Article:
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Homeschool Without Homework

By Karen Andreola
Printed in Practical Homeschooling #1, 1993.

Karen Andreola introduces the Charlotte Mason method.

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Karen Andreola

Charlotte Mason was a Christian educator who lived and worked in Britain during the latter part of the last century. Today her work is undergoing a revival in home school circles. Why? This article will attempt to answer that question!

For Charlotte Mason, education was not a list of skills or facts to be mastered. Education was an atmosphere, a discipline, a life. I think most of us would agree with her that education is a life process which is not confined to the classroom. Are we practicing this concept, or are we duplicating the public school classroom regimen in our homes? Are we educating our children for life or for achievement tests?

In the Charlotte Mason method, whole books and first-hand sources are used whenever possible, rather than textbooks. Textbooks tend to be crammed with facts and information, at the expense of human emotion. This is deadening to the imagination of the child.

Miss Mason advocated what she called "living books." Children, she thought, should read the best books, not graded readers or textbook comprehension paragraphs. Educators think they are doing children a favor by taking scissors to cut out pages of the best books. Charlotte called this putting literature in "snippet form." Children deserve to have more than just a nodding acquaintance with the best authors.

A child gains knowledge through his own work digging out facts and information. He then learns to express what he has learned by clothing it in literary (conversational) language -- in short, narrating it back to you. Miss Mason said that asking children to narrate back what they have learned is the best way to acquire knowledge from books. Because narration takes the place of questionnaires and multiple choice tests, it enables the child to bring all the faculties of mind into play. The child learns to call on the vocabulary and descriptive power of good writers as he tells his own version of the story.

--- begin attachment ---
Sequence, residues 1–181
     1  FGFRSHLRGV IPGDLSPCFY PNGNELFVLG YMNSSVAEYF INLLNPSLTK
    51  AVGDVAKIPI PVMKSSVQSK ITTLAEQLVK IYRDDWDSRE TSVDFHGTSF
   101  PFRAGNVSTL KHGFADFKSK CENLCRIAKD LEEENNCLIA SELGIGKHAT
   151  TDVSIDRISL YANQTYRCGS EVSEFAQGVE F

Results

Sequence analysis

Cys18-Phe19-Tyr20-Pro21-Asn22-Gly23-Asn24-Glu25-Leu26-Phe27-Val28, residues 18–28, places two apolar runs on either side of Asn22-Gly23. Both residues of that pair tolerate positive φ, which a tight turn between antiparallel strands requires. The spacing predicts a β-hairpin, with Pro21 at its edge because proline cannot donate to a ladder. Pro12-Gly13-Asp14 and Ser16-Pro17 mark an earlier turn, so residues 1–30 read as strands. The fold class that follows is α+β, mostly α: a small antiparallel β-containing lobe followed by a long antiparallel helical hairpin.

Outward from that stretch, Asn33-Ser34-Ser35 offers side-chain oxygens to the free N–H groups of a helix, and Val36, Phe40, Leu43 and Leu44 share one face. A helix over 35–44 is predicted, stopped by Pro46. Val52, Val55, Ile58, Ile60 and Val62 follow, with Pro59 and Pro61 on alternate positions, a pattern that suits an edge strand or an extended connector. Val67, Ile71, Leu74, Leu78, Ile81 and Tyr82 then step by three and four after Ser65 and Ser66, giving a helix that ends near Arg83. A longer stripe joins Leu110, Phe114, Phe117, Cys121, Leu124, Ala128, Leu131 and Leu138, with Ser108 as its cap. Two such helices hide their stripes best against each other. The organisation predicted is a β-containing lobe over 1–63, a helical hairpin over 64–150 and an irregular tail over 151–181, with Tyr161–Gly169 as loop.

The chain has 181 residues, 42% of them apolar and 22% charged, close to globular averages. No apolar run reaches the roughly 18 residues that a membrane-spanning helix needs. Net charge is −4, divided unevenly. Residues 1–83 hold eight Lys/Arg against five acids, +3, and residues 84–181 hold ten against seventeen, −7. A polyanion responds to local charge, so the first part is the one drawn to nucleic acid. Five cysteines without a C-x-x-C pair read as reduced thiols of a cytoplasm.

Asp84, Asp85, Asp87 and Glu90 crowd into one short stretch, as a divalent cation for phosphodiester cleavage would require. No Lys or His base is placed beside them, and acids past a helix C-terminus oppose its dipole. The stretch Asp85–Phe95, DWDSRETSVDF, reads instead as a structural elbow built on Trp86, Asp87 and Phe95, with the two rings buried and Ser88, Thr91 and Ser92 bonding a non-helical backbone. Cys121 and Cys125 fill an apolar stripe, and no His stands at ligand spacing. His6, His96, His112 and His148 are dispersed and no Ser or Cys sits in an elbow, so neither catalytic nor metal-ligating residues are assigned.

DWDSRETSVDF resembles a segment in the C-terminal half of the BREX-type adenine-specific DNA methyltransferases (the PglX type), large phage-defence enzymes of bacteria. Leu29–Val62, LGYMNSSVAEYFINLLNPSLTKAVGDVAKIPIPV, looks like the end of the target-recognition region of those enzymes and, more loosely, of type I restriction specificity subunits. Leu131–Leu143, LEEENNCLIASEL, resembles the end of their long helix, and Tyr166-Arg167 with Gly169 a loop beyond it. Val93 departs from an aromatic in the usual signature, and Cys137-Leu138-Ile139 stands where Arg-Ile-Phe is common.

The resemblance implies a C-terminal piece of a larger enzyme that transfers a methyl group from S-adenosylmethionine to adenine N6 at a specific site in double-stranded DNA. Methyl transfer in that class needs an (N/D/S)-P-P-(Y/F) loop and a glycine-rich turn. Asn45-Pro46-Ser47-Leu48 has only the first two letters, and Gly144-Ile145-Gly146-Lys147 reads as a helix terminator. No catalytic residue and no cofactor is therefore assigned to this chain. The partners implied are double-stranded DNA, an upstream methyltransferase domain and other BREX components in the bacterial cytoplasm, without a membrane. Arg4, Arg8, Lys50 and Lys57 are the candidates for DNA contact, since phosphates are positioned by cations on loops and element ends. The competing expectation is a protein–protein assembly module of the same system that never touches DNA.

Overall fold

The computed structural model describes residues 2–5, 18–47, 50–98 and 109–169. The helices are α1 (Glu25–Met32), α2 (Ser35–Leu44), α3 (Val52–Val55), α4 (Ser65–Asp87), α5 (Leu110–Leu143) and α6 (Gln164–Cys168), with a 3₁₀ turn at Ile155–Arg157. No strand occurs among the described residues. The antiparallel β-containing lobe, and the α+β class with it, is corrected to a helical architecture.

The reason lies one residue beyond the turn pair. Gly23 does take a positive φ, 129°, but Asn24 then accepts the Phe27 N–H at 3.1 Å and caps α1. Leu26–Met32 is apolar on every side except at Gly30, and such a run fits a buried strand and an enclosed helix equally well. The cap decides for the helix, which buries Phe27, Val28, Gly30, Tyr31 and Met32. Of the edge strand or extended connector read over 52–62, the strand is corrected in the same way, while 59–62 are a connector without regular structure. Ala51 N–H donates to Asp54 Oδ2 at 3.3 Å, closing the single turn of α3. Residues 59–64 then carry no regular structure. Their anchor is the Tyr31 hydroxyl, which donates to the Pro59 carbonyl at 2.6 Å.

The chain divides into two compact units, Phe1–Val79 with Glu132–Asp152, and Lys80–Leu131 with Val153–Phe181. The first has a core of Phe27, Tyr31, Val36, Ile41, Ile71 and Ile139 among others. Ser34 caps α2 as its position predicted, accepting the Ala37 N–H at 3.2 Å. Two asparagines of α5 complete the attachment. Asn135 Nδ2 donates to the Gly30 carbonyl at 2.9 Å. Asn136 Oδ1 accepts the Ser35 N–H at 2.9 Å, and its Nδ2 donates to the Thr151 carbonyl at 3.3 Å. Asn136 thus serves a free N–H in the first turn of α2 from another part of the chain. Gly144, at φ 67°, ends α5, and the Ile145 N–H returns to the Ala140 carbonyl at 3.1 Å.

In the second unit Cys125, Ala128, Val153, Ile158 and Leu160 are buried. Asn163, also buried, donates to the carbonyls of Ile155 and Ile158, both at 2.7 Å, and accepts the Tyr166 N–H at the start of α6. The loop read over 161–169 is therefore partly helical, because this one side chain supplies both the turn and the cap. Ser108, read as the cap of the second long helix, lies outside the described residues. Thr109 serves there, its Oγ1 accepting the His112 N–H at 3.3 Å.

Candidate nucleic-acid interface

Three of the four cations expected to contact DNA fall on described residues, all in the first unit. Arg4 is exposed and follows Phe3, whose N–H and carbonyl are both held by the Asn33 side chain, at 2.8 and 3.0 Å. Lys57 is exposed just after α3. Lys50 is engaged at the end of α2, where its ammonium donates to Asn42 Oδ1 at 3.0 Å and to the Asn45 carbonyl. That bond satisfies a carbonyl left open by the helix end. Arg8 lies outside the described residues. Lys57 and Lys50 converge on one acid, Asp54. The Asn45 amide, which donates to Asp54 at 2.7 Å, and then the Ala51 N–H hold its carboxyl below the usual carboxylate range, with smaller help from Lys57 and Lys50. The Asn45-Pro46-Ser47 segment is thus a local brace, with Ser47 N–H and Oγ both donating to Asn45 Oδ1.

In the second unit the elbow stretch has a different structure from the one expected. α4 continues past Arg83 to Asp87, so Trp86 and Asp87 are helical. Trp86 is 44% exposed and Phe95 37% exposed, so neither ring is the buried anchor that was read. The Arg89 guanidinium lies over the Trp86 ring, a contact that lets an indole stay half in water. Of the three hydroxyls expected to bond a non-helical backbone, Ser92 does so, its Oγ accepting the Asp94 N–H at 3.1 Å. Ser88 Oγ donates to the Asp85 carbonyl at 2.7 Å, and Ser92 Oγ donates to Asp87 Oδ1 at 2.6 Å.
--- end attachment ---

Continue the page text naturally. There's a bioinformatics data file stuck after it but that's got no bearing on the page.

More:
Miss Mason's schools never gave homework? Correct. If you follow her method there is no need for homework in the elementary years because the child immediately deals with the literature and proves his mastery by narrating what he just learned back to you. Instead of homework he gets a cozy evening with a good book and parental attention. We want our children to be eager to learn, don't we? So why do Christian private schools bow down to the American homework grind?

Charlotte Mason believed in introducing the child to the humanities while he is still young, while he is forming his personality. In her view education is for the spiritual and intellectual benefit of the child, not just to provide the skills needed for making a living. Short goody-goody stories are shunned for whole books that follow the life of an admirable character. Morals are painted for the child, not pointed at the child.

Miss Mason wanted children to be motivated by admiration, faith, and love instead of artificial stimulants such as prizes, competition and grades. What, there were no grades in her elementary schools? No As, Bs, Cs, or Fs? No happy-face stickers or gold stars? Correct again.

Lessons in the Charlotte Mason scheme of things end at 1:00 p.m., and the afternoon is free for leisure. Leisure for children usually means running, climbing, yelling, and so forth, all out of doors. Handicrafts or practicing of an instrument, chores, visiting lonely neighbors, observing nature, or cooking, may also be accomplished during this time. Unfortunately, public school children arrive home just in time to see the sun set and do homework. What a waste of time and ability! What drudgery!

Through Charlotte's method a child gains the skill of educating themselves. Students do not depend upon notes they have taken of a teacher's lecture where most of the information has been predigested by the teacher. With Charlotte's method the carefully chosen words of an author are commented on by the child in essay form, either oral or written, starting at age 6-7. Much explaining by the teacher (this includes you, Mom) is a bore. Why is this lecture method still begin carried out in high schools?